Moho depth of the British Isles: a probabilistic perspective
2020-04-03T08:32:09Z (GMT) by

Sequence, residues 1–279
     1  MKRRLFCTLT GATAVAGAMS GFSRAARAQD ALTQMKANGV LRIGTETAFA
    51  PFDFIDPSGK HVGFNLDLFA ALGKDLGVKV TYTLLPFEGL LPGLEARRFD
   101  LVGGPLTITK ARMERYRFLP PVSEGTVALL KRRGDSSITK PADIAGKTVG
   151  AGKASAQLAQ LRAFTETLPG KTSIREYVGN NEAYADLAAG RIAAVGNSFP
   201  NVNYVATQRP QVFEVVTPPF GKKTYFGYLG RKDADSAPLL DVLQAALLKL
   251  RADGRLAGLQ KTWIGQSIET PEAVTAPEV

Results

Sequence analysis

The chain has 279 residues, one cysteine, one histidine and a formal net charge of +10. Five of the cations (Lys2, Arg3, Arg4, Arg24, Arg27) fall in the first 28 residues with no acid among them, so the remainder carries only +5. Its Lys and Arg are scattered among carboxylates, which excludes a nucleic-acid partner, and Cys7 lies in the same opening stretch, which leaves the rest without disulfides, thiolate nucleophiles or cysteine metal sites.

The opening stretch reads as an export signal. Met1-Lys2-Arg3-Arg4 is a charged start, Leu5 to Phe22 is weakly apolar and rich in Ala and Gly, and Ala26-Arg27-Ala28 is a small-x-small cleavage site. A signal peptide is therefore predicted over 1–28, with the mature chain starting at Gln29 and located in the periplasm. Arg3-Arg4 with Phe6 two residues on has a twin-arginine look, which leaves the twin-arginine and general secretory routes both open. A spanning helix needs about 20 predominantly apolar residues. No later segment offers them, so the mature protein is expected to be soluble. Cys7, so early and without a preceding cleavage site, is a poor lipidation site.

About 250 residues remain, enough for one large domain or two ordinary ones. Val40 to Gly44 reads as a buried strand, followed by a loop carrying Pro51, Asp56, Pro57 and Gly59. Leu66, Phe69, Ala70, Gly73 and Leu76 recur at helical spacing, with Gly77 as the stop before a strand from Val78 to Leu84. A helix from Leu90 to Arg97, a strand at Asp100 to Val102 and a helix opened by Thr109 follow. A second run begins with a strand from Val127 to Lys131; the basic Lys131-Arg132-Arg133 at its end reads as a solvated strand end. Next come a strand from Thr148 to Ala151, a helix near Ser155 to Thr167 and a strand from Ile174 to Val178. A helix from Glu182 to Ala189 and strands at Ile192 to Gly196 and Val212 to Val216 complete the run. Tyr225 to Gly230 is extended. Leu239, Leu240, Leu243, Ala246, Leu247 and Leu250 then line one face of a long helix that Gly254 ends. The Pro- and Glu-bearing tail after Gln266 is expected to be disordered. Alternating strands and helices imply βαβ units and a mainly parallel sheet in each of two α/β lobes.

Summary We present a new Moho depth model of the British Isles and surrounding areas from the most up-to-date compilation of Moho depth estimates obtained from refraction, reflection and receiver function data. We use a probabilistic, trans-dimensional and hierarchical approach for the surface reconstruction of Moho topography. This fully data-driven approach allows for adaptive parametrization, assessment of relative importance between different data-types and uncertainties quantification on the reconstructed surface. Our results confirm the first order features of the Moho topography obtained in previous work such as deeper Moho (29-36 km) in continental areas (e.g. Ireland and Great Britain) and shallower Moho (12-22 km) offshore (e.g in the Atlantic Ocean, west of Ireland). Resolution is improved by including recent available data, especially around the Porcupine Basin, onshore Ireland and Great Britain. NE trending features in Moho topography are highlighted above the Rockall High (about 28 km) and the Rockall Trough (with a NE directed deepening from 12 to about 20 km). A perpendicular SE oriented feature (Moho depth 26-28 km) is located between the Orkney and the Shetland, extending further SW in the North Sea. Onshore, our results highlight the crustal thinning toward the N in Ireland and an E-W oriented transition between deep (34 km) and shallow (about 28 km) Moho in Scotland. Our probabilistic results are compared with previous models showing overall differences around ±2 km, within the posterior uncertainties calculated with our approach. Bigger differences are located where different data are used between models or in less constrained areas where posterior uncertainties are high.